Egypt's modern legal system was initially developed in the 19th Century and was modeled after the French civil code system (Napoleonic Code). Over the course of time, various modifications and adaptation were introduced to produce the current Egyptian version of the French system. Several other countries of the Arab Middle East have modeled their legal systems after that of Egypt.
Egypt's Civil Code governs the areas of personal rights, contracts, obligations, and torts. Other supplementary laws include the Commercial Code and Code of Civil Procedure.
Civil litigation in Egypt features two levels of litigation (two trials of fact), plus an appellate level. Small claims cases are tried before a single judge, with a right to de novo appeal to a panel of three judges from the Court of First Instance. Larger claims originate with a panel of three Court of First Instance judges, with a right of de novo appeal to a three-judge panel of Court of Appeals judges. Appeals from the Court of Appeals are limited to legal issues, and are conducted before the Court of Cassation, which is the highest court of Egypt's common court system.
Due to the long court litigation delays caused by a crushing (and steadily growing) backlog of civil cases, plus weak mechanism for enforcing court judgments, large commercial disputes are often resolved through arbitration, as governed by the Arbitration Law (Law 27 of 1994).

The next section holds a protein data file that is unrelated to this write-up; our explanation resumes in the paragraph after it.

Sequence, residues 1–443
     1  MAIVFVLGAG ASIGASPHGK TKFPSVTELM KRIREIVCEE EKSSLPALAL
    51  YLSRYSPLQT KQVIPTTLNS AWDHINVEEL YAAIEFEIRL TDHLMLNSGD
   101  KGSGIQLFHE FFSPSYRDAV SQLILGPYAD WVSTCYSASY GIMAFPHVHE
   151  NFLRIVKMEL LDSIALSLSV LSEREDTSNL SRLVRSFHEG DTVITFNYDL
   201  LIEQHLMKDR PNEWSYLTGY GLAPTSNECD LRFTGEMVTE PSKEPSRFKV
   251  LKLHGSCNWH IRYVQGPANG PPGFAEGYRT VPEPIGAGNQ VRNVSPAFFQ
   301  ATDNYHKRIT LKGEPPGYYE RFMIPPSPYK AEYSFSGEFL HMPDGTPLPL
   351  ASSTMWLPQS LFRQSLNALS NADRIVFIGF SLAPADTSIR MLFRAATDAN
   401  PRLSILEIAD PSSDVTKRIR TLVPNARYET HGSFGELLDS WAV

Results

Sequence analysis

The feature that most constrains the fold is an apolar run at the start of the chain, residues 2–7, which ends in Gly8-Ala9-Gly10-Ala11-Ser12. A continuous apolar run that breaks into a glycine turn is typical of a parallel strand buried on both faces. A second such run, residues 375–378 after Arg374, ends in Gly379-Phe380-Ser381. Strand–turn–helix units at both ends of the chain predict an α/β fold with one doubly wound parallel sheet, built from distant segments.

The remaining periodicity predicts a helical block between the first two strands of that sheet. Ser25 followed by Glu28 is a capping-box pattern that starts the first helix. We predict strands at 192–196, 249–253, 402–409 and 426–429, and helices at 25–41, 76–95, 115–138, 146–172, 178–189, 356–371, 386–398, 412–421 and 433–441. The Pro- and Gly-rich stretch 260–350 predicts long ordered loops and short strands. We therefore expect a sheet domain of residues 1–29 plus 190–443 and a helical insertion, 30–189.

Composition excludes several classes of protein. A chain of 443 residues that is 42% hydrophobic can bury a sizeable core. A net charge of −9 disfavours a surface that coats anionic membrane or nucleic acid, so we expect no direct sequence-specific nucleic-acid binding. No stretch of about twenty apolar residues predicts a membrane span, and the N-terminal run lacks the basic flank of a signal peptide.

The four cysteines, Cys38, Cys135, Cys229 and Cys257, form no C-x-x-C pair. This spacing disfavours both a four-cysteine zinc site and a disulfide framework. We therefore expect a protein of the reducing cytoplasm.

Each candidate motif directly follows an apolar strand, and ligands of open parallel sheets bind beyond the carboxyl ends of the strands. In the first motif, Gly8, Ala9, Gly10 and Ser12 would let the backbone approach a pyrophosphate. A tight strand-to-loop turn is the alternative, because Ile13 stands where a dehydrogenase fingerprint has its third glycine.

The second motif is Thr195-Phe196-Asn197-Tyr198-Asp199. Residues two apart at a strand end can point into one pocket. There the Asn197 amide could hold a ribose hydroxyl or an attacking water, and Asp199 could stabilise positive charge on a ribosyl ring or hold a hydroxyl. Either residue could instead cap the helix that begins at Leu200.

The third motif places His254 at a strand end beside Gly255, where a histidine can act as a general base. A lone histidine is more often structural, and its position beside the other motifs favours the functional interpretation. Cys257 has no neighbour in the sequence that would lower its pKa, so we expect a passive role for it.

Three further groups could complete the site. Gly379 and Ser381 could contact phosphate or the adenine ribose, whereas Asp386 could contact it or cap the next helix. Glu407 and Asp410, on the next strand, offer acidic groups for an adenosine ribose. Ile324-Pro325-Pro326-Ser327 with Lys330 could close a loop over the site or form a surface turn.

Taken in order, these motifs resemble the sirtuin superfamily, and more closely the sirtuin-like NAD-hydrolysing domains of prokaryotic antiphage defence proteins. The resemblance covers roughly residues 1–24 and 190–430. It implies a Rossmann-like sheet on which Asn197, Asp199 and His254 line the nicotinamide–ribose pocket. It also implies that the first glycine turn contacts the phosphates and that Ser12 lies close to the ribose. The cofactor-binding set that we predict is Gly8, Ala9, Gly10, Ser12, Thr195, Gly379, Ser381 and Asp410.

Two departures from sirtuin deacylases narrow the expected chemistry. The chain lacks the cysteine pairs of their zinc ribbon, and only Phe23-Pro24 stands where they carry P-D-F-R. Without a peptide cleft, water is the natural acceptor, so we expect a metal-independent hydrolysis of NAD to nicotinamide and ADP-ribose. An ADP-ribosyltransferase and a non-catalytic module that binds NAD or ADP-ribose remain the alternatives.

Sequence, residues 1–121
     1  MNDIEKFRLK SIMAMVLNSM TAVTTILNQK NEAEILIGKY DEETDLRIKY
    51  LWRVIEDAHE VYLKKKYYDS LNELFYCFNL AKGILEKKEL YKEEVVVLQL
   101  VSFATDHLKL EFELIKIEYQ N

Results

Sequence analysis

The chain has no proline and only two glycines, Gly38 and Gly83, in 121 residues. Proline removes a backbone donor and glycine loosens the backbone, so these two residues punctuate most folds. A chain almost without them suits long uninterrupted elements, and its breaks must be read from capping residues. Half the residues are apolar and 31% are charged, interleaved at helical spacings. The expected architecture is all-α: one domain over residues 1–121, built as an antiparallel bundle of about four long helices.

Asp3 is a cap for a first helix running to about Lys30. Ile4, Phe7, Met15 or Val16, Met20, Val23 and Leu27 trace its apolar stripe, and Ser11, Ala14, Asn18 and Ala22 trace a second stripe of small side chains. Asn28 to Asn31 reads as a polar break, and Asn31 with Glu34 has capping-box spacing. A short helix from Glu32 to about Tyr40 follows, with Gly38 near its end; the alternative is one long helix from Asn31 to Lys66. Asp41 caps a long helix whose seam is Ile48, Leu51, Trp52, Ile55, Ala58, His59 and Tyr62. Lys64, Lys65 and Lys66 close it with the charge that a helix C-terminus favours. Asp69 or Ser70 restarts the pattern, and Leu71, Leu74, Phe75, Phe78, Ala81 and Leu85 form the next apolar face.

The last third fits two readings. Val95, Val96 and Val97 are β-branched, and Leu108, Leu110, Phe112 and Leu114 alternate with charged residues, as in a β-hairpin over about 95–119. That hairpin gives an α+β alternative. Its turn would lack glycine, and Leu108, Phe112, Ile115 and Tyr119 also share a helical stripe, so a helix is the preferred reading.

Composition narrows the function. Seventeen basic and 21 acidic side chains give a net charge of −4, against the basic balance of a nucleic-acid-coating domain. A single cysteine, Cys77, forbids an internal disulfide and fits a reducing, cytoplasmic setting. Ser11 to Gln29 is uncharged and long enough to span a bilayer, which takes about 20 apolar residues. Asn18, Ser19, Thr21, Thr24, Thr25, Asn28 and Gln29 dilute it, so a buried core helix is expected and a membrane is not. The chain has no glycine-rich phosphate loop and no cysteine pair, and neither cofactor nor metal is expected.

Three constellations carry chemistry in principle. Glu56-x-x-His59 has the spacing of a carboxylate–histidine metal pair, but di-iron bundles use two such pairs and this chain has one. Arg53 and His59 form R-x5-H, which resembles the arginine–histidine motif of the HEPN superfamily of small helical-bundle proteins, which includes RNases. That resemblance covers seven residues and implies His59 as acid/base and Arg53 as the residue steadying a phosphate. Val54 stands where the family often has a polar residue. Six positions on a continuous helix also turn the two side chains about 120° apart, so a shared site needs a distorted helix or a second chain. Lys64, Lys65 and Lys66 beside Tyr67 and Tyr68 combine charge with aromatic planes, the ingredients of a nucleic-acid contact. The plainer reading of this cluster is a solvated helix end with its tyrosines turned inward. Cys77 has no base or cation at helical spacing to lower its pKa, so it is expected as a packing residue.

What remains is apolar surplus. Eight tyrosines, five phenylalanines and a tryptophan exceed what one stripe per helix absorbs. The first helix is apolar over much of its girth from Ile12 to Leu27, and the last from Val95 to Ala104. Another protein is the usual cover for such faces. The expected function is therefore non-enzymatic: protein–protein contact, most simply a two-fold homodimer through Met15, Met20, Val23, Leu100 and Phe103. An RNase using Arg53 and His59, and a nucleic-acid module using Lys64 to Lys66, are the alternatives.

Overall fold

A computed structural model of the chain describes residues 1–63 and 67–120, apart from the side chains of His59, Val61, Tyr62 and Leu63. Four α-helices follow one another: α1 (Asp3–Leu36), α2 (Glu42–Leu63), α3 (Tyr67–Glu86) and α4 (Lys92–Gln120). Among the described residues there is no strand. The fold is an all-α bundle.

Many of Egypt’s civil laws have been made available (in Arabic) on the Egyptian government’s services portal: http://www.egypt.gov.eg/english/laws/default.aspx
It is difficult to find publicly available, non-copyrighted English translations of the Civil Code and other civil laws. Fairly good and fairly current English translations of the Civil Code and many other civil laws and regulations are available for purchase at very reasonable prices from The Middle East Library for Economic Services, located in Cairo. Presumably, they will mail copies to customers in foreign countries.
A very useful reference on Egyptian civil procedure, in English, is the 128-page book by Fathi Waly (former Dean of the Cairo University Law School), Civil Procedure in Egypt (Alphen aan den Rijn: Kluwer Law International, 2011).